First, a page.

Stocking Your Real Food Kitchen: Natural Sweeteners

I think one of the biggest changes one can make when switching to a diet of whole, unprocessed foods is to throw out the refined sugar and begin using natural sweeteners.

First off, why use a natural sweetener? Basically, natural sweeteners - although still sugar and to be used in moderation - actually contain nutrients and minerals that are beneficial to the body. This is because they are whole and unrefined, thus leaving their nutrition intact. Refined sugars, on the other hand, deplete the body of necessary nutrients (like B vitamins, which leads to depression and premenstrual symptoms), promotes Candida overgrowth, bone loss, and tooth decay! Refined sugars also lead to obesity, diabetes, and heart disease because they raise blood sugar, triglycerides, and cholesterol.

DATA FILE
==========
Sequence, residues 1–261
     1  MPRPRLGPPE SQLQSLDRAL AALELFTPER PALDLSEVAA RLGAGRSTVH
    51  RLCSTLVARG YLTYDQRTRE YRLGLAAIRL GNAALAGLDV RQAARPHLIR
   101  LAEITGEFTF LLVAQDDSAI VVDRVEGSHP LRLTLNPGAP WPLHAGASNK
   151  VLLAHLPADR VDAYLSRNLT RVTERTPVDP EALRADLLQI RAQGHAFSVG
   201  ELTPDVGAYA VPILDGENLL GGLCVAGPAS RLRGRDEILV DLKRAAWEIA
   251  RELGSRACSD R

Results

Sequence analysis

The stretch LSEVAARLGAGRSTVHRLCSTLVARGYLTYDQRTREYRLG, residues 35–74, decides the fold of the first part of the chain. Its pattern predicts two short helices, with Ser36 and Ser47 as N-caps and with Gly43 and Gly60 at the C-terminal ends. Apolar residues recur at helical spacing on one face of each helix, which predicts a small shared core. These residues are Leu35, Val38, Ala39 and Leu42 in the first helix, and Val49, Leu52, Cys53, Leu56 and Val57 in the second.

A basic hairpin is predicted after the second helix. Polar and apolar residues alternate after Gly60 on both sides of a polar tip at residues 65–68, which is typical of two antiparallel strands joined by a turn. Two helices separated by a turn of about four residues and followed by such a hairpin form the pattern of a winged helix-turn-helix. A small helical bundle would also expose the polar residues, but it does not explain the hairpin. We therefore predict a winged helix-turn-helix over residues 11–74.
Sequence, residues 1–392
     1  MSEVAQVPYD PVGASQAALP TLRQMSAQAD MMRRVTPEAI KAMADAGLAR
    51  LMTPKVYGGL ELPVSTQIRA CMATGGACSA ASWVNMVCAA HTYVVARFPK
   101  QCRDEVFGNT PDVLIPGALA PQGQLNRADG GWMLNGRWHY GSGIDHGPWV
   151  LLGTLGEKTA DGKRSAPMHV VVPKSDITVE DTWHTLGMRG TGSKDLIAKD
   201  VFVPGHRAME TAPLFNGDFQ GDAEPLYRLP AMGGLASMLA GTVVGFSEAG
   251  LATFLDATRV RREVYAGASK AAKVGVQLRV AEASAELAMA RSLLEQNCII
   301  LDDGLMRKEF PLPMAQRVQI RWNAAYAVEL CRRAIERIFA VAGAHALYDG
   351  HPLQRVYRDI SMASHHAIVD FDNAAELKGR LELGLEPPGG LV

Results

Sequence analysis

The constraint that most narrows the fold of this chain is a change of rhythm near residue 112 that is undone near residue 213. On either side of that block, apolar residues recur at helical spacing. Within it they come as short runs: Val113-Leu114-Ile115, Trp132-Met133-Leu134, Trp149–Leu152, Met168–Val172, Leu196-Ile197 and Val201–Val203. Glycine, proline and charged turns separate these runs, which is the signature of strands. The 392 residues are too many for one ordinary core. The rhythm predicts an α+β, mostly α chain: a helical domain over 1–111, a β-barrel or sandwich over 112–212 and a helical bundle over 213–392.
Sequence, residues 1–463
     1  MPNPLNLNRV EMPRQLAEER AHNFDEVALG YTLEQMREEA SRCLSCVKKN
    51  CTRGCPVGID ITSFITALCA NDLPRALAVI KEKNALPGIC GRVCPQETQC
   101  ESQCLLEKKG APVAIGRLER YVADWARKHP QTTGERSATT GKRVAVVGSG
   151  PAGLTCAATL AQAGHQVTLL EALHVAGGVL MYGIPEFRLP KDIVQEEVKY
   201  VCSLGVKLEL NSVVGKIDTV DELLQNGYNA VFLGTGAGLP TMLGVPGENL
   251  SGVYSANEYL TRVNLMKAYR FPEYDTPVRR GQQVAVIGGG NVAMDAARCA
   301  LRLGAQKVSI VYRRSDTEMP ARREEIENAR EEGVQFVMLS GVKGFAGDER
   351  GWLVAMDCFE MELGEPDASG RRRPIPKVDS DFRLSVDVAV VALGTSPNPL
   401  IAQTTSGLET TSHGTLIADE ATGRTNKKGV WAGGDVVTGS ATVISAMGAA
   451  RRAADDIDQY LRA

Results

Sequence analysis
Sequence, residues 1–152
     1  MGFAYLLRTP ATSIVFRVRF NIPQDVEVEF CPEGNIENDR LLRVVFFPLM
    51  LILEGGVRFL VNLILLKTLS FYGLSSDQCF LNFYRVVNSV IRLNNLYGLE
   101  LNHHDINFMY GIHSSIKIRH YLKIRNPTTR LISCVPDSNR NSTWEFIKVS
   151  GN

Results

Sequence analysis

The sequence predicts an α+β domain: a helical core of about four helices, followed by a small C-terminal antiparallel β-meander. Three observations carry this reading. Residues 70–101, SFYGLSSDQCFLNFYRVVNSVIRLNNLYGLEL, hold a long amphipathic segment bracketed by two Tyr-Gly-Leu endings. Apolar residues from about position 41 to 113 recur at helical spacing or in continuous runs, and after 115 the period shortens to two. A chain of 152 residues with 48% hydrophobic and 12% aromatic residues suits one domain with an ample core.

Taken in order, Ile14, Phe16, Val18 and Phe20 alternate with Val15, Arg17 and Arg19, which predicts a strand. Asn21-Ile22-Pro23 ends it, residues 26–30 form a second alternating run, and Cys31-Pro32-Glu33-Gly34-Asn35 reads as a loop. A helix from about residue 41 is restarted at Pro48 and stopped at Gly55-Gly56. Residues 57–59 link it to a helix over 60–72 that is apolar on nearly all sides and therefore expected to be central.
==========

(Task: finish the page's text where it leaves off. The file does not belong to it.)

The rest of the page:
What about the cost? Yes, natural sweeteners do cost more than refined sweeteners. The good news is that these sweeteners are becoming more and more readily available. I recommend watching the store for sales or buying in bulk through co-ops like Azure Standard. Ultimately, the cost difference is worth it for better health. Keep in mind that the goal is to reduce sugar intake overall, so these natural sugars will ideally last a long time in your kitchen.

Here is a brief look at some of my favorite natural sweeteners to use in the kitchen (keep in mind that this list is not all inclusive, these are just the sweeteners I use most frequently):